China, Apple Inc’s biggest overseas market and a country where foreign firms have suffered damaging boycotts following international spats, was the palce where the US tech giant found itself on the receiving end of a small, short-lived anti-U.S. protest last week.
In a rare instance of the tech firm being targeted as a symbol of perceived injustice following an international ruling against Chinese territorial claims, a handful of unofficial Apple stores were picketed and social media users encouraged each other to destroy their Apple goods.
Citing the roughly year-long slump in sales of Japanese cars after a diplomatic dispute that prompted large protests and boycotts, observers have expressed concern about the impact on Apple in the long term even though the protest was small.
“There’s not much Apple or any other foreign firm can do to prevent such patriotic protests. These incidents happen every few years,” said analyst Nicole Peng at researcher Canalys, who sees no impact to Apple’s sales from the recent protest.
Apple did not immediately respond to a request for comment.
As Apple competes with domestic makers of cheaper phones such as Xiaomi Inc and Huawei Technologies Co Ltd, in a climate of weakening consumer spending and slowing economic growth, China is the world’s biggest smartphone market and Apple is increasingly reliant on its growing middle class.
Brushes with regulators is adding to Apple’s challenges. Last month its iPhone designs were ruled to have infringed a local firm’s patent and its online book and film service was blocked earlier this year.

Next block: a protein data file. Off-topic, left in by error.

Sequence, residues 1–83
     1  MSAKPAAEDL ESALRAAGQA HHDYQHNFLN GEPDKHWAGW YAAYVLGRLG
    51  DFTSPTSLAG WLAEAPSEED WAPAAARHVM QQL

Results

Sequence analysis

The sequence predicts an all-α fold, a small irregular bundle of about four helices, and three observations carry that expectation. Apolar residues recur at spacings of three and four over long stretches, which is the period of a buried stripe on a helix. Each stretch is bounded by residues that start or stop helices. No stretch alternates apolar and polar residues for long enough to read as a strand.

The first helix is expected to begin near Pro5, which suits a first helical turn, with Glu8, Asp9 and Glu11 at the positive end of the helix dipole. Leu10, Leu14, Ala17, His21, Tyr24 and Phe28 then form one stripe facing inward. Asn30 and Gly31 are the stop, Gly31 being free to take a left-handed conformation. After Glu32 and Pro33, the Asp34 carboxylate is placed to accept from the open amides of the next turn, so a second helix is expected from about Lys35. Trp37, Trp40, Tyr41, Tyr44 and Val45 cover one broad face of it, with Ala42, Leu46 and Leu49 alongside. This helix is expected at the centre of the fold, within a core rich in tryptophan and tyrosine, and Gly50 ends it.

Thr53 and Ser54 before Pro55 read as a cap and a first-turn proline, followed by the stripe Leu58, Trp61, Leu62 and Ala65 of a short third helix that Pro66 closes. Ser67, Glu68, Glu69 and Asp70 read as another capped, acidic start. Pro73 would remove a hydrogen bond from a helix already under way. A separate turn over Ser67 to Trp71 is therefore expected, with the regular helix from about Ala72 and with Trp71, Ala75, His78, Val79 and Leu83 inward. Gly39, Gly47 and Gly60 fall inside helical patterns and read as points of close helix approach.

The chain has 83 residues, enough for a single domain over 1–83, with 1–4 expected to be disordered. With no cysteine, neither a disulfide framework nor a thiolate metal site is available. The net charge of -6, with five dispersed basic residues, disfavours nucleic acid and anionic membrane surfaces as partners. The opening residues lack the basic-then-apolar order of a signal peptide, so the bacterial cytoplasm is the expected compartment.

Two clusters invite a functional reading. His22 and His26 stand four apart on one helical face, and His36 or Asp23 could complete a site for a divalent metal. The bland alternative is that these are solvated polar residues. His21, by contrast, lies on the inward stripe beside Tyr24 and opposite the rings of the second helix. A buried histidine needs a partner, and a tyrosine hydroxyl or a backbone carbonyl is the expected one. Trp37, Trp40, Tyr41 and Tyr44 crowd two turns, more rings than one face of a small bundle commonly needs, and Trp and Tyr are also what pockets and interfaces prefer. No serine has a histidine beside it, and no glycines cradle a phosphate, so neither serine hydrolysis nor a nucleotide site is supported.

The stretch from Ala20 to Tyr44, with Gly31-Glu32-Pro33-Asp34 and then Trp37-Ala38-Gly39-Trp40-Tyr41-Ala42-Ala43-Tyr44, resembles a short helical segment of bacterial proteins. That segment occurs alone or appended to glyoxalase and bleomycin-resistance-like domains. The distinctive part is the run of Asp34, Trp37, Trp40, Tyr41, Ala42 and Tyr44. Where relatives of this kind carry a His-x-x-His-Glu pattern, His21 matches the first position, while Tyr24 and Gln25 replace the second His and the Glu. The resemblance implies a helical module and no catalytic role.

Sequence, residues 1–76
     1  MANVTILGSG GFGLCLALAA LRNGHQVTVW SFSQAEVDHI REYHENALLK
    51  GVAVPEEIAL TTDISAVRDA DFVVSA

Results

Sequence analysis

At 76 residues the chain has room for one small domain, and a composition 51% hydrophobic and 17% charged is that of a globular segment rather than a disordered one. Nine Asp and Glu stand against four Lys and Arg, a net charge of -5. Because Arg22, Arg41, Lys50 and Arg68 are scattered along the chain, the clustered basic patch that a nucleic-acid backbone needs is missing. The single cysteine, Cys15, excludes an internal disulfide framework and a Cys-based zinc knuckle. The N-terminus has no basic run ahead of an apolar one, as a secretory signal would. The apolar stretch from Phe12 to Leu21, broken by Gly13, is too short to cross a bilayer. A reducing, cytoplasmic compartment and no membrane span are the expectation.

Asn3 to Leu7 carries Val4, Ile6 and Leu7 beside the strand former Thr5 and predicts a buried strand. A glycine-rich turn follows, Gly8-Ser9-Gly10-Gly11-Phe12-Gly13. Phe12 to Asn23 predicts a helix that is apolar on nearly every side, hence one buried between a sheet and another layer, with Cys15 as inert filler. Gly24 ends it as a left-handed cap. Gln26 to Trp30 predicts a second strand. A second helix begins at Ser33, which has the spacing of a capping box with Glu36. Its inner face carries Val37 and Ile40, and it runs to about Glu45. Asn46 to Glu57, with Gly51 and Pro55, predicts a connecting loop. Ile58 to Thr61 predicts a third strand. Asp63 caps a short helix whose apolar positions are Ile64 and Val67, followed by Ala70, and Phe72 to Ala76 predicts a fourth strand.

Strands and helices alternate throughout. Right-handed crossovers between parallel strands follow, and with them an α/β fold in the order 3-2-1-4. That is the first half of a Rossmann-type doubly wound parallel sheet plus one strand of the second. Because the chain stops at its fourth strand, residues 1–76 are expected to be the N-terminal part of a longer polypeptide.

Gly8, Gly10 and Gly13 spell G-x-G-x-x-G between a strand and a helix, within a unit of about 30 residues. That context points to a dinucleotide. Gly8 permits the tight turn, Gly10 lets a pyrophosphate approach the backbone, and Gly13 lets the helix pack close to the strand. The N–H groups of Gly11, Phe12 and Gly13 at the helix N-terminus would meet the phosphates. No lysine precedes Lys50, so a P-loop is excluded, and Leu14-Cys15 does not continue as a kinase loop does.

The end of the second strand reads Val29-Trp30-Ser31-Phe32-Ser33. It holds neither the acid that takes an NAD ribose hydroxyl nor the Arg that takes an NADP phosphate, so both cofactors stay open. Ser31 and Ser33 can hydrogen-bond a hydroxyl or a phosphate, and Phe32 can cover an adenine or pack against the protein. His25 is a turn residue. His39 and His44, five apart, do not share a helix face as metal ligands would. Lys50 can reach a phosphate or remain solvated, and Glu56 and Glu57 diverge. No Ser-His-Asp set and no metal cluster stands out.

Compared to a year earlier, Apple’s sales in China fell around 25 percent in January-March.
The country of origin for Apple, which in turn was regarded as the root of a perceived affront, formed the basis of targeting it in the latest protests.
Accusing the United States of turning the Philippines – which filed the case – against China and prompting local media to call a Hague Court a “puppet” of external forces began after the court found no legal basis for China’s claim to most of the South China Sea earlier this month.
A week after the verdict, urging customers not to buy the genuine Apple goods on sale, over 100 protesters picketed four unofficial Apple dealers in Suining in the eastern province of Jiangsu for about three hours.
“They chanted, ‘boycott American products and kick iPhones out of China. But nothing really happened: no fights, no smashing,'” store owner Zhu Yawei told Reuters.
With pictures of what users described as their smashed iPhones – a luxury product in China widely considered a status symbol and anti-Apple comments flooding microblogging site Weibo, a video of the protest went viral on Chinese social media.
However, with state-controlled media also calling for restraint, among the vitriol was just as much support.
“It’s cheap nationalism and outright stupidity. But if you were to offer me an (upcoming) iPhone 7, then I would gladly smash my iPhone 6!,” said Shan Mimi, a 23-year-old assistant at a Shanghai law firm.
Accompanying her comment with a photo of a damaged handset, one young Chinese woman on Weibo said she had smashed her iPhone. She later told Reuters she had lied.
“I didn’t smash my iPhone. All I did was find a photo (of a smashed handset) on the internet and let off some steam. Boycotting Apple would only make Chinese people lose their jobs – many work for Apple,” said the 21-year-old, calling herself L-Tin.